This morning, the NY Times takes a look at the Mayor's $7.5 billion affordable housing plan four years since he announced it and one year since he expanded it to 165,000 units of low- to moderate-cost housing. About one third of the projected units, or 55,000, have been financed to date, and 41,366 have been completed.
But the 10-year plan may not succeed in producing a net increase in affordable housing. The problem is that rents in the city have risen so fast, and older programs such as Mitchell-Lama and rent control have been allowed to lapse in favor market-rate conversions. And land has been sold to non-profits or developers. The commissioner of housing preservation and development acknowledged to the Times, "We are moving from a problem of abandonment to a problem of affordability."
Still, there have been several individual examples of progressive projects that could inspire further advancement in the field. One such case is the proposed Via Verde apartment complex in the Bronx, which arose out out an international architectural competition sponsored by the Department of Housing Preservation and Development, the Bloomberg Administration, and the American Institute of Architects. A innovative fruit-bearing program in Los Angeles, with affordable "Skidrow" housing designed by Michael Maltzan, was recently reviewed by Nicolai Ouroussoff.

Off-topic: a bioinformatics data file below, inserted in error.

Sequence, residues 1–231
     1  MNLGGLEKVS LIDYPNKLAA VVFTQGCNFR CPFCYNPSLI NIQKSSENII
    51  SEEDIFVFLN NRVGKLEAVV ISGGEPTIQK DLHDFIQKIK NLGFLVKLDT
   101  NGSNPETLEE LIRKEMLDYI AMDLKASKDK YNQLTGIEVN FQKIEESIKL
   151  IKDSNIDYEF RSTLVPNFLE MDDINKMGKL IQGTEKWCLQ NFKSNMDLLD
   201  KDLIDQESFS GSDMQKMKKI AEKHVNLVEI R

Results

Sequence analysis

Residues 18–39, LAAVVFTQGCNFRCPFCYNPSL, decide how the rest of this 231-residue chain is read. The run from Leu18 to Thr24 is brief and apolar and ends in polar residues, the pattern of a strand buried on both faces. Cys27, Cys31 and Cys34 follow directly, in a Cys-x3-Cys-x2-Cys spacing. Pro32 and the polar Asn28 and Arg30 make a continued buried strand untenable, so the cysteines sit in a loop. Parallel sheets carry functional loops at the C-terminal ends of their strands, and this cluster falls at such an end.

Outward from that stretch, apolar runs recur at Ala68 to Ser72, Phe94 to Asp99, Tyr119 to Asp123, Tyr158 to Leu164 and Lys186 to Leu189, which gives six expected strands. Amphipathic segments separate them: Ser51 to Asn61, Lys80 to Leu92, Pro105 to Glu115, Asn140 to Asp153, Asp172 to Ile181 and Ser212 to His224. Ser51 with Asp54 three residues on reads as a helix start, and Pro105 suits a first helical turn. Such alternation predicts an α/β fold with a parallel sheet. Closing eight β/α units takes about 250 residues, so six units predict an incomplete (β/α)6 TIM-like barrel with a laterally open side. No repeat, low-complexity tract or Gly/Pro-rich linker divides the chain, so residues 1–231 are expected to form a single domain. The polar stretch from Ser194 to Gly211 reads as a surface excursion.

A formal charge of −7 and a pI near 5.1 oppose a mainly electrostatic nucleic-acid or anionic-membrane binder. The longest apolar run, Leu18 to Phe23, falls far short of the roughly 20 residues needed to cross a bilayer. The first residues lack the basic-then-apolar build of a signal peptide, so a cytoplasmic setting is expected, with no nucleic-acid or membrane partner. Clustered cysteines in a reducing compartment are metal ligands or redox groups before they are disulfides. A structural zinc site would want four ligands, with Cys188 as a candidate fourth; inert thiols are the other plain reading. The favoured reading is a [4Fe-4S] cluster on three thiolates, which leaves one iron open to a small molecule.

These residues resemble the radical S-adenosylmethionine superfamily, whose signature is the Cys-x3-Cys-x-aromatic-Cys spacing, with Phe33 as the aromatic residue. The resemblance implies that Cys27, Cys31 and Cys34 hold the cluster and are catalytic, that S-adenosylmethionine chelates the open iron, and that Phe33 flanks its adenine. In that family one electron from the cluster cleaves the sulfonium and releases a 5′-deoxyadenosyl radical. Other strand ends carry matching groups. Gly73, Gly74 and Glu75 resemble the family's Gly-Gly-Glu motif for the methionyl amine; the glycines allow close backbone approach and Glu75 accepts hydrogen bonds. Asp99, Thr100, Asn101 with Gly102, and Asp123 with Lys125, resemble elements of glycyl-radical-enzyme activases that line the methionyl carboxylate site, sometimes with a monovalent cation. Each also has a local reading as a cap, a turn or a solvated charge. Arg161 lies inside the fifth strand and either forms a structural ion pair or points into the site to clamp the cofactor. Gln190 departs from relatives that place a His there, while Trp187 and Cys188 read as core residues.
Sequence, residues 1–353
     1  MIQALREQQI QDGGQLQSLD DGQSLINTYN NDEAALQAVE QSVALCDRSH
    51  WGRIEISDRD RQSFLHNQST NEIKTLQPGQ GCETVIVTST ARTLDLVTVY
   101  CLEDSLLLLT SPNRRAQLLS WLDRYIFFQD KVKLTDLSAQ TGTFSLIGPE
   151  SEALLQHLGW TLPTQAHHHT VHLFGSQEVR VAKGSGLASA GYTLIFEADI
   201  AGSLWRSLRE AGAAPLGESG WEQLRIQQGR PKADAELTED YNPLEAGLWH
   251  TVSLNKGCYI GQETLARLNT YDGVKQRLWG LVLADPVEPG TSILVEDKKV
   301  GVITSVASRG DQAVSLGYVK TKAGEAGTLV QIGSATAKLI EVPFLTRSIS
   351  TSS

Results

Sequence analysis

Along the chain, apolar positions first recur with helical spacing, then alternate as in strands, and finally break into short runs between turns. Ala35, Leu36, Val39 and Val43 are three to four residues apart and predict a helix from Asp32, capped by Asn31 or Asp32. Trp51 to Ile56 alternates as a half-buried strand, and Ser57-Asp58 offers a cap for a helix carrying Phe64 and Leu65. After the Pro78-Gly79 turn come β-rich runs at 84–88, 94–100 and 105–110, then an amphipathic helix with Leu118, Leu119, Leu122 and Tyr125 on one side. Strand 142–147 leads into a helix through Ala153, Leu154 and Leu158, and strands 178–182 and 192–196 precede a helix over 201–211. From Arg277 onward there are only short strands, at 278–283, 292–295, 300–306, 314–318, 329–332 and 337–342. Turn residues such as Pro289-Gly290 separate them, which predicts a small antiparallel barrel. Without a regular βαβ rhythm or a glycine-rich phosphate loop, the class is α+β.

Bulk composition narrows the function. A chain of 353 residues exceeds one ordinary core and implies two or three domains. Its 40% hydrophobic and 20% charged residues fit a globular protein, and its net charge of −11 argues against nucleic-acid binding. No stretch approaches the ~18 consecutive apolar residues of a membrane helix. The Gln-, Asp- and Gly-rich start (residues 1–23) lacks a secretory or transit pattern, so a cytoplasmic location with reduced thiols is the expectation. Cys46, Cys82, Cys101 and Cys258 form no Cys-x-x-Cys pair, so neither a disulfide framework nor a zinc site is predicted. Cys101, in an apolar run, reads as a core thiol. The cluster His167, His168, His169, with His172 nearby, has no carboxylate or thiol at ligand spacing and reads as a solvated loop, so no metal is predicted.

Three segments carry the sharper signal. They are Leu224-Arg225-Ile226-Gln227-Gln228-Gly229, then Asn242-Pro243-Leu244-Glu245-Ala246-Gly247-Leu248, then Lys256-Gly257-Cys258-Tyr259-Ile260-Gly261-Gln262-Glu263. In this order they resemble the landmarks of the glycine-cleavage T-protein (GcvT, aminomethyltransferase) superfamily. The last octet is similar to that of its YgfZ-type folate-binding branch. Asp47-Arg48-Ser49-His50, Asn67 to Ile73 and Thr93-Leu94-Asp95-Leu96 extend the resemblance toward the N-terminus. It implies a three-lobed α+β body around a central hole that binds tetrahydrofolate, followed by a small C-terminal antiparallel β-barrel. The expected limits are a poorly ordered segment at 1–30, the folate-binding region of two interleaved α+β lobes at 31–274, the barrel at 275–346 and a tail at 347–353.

Back in 2003, Gotham Gazette reviewed the Mayor's plans for affordable housing.